Question 4.2

A 22-year-old male is brought into the Emergency Department with a decreased conscious state with a history of having been missing for over twenty-four hours. Results of his investigations are given below:


Patient Value

Adult Normal Range


149 mmol/L*

135 – 145


6.0 mmol/L*

3.5 – 5.0


114 mmol/L*

95 – 105


19.0 mmol/L*

22.0 – 26.0


210 μmol/L*

45 – 90


10.1 mmol/L*

3.0 – 8.0


1.75 mmol/L*

2.10 – 2.60


2.29 mmol/L*

0.80 – 1.50


1.42 mmol/L*

0.70 – 1.30


21 g/L*

35 – 50

Alkaline phosphatase (ALP)

62 IU/L

< 120

Gamma-glutamyl transferase (GGT)

22 IU/L

< 50

Alanine aminotransferase (ALT)

424 IU/L*

< 55

Aspartate aminotransferase (AST)

1679 IU/L*

< 50

Total bilirubin

12 μmol/L

< 19

T Protein

38 g/L*

60 – 82

Creatinine Kinase

10315 IU/L*

< 175

a) Give the likely diagnosis and list five possible underlying causes.    (30% marks)

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College answer

Not available.


What happened to this random dude?

  • Hypernatremia suggests dehydration
  • Raised creatinine and urea suggest the same
  • Raised CK, high phosphate and low calcium  suggest rhabdomyolysis
  • The LFTs are not particularly exciting, nor is the bilirubin, but the wildly elevated AST also suggests muscle injury (as AST can also leak from injured muscle)

So, everything looks like rhabdomyolysis, with a bit of kidney injury perhaps from the myoglobin-related damage or perhaps from the dehydration related to being collapsed on the kitchen floor for a day. Now we have to come up with five reasons why. There are literally a million possible causes of rhabdomyolysis, and the successful candidate would need to identify five which are associated with a decreased level of consciousness. Drugs trauma and environmental exposure would have to be on that list, because young people do be like that.

  • Intoxication with a CNS depressant
  • Necrotising fasciitis and septic shock
  • Seizures (status epilepticus)
  • Heat stroke
  • Head injury (?drug-related)
  • Subarachnoid haemorrhage (could be related to drugs)
  • Serotonin syndrome (also drugs)
  • Accidental intrararterial injection of cocaine 


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Bosch, Xavier, Esteban Poch, and Josep M. Grau. "Rhabdomyolysis and acute kidney injury." New England Journal of Medicine 361.1 (2009): 62-72.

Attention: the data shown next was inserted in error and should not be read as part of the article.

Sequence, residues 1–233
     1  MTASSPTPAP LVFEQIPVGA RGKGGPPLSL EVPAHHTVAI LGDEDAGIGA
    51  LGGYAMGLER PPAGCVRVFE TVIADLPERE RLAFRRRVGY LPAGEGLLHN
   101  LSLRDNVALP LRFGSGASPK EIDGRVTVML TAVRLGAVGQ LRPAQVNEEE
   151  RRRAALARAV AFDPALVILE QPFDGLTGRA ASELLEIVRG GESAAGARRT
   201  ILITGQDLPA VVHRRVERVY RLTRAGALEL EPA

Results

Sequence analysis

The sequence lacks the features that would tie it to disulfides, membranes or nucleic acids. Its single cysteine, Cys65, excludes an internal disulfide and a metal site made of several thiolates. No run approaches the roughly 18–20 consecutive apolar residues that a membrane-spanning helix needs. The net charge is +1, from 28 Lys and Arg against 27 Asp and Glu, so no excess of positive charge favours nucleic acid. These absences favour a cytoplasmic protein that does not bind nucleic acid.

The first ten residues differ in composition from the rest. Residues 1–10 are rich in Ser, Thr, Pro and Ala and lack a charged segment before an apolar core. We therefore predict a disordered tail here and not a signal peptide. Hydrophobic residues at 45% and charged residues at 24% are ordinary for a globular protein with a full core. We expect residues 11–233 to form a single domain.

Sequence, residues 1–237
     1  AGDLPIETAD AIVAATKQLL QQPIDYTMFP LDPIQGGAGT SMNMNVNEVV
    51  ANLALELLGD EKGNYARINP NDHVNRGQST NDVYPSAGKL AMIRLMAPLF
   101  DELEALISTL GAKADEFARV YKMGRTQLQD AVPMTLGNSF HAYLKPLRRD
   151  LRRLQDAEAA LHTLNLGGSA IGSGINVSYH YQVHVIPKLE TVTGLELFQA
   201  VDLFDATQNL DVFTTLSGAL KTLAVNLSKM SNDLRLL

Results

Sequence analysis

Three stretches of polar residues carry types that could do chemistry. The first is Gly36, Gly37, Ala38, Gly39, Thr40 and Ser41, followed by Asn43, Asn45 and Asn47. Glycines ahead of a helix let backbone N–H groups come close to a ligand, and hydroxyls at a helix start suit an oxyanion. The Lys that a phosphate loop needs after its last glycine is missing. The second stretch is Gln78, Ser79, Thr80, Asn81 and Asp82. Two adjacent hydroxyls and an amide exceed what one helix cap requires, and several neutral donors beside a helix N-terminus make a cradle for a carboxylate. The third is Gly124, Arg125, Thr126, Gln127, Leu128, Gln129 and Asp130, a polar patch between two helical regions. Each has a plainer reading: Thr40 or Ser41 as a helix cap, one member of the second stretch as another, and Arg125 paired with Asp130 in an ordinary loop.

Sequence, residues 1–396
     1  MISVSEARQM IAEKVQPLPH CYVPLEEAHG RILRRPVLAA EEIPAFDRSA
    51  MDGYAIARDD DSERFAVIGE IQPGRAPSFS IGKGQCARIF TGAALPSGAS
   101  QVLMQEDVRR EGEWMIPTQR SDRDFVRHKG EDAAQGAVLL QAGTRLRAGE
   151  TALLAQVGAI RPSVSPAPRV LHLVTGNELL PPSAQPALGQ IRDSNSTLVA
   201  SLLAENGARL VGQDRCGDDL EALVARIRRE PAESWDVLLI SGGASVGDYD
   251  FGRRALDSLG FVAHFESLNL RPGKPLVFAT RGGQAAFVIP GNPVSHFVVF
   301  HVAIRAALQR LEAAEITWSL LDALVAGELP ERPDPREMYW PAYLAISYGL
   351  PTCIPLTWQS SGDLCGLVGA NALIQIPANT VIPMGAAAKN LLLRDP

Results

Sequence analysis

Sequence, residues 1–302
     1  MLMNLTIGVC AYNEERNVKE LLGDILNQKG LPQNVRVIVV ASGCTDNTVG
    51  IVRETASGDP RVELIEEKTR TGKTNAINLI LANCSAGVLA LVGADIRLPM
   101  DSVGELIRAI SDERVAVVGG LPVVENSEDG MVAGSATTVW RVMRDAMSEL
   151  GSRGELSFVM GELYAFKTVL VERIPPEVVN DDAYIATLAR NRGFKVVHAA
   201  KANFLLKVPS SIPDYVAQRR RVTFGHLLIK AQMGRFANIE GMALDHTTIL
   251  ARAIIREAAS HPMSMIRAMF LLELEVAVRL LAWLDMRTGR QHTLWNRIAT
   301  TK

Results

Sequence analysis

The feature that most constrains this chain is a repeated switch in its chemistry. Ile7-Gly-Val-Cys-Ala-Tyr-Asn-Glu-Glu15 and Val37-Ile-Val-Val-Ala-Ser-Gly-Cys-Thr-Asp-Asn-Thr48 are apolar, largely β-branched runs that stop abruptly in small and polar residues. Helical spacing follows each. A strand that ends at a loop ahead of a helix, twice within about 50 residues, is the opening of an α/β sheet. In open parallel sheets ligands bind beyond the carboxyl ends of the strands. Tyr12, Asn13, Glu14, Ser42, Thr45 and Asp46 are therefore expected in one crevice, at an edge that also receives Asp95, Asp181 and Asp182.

Shapiro, Mark L., Anthony Baldea, and Fred A. Luchette. "Rhabdomyolysis in the intensive care unit." Journal of intensive care medicine 27.6 (2012): 335-342.

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Vanholder, Raymond, et al. "Rhabdomyolysis." Journal of the American Society of Nephrology 11.8 (2000): 1553-1561.

Bosch, Xavier, Esteban Poch, and Josep M. Grau. "Rhabdomyolysis and acute kidney injury." New England Journal of Medicine 361.1 (2009): 62-72.

Allison, Ronald C., and D. Lawrence Bedsole. "The other medical causes of rhabdomyolysis." The American journal of the medical sciences 326.2 (2003): 79-88.

Brown, Carlos VR, et al. "Preventing renal failure in patients with rhabdomyolysis: do bicarbonate and mannitol make a difference?." Journal of Trauma-Injury, Infection, and Critical Care 56.6 (2004): 1191-1196.

Scharman, Elizabeth J., and William G. Troutman. "Prevention of kidney injury following rhabdomyolysis: a systematic review." Annals of Pharmacotherapy47.1 (2013): 90-105.

Sorrentino, Sajoscha A., et al. "High permeability dialysis membrane allows effective removal of myoglobin in acute kidney injury resulting from rhabdomyolysis." Critical care medicine 39.1 (2011): 184-186.

Tang, Wanxin, et al. "Renal protective effects of early continuous venovenous hemofiltration in rhabdomyolysis: improved renal mitochondrial dysfunction and inhibited apoptosis." Artificial organs 37.4 (2013): 390-400.

Ioannidis, Konstantinos, et al. "Safety and effectiveness of the combination acetazolamide and bicarbonates to induce alkaline diuresis in patients with rhabdomyolysis." European Journal of Hospital Pharmacy 22.6 (2015): 328-332.

Hohenegger, Martin. "Drug induced rhabdomyolysis." Current opinion in pharmacology 12.3 (2012): 335-339.

Chavez, Luis O., et al. "Beyond muscle destruction: a systematic review of rhabdomyolysis for clinical practice." Critical care 20.1 (2016): 135.

Chatzizisis, Yiannis S., et al. "The syndrome of rhabdomyolysis: complications and treatment." European journal of internal medicine 19.8 (2008): 568-574.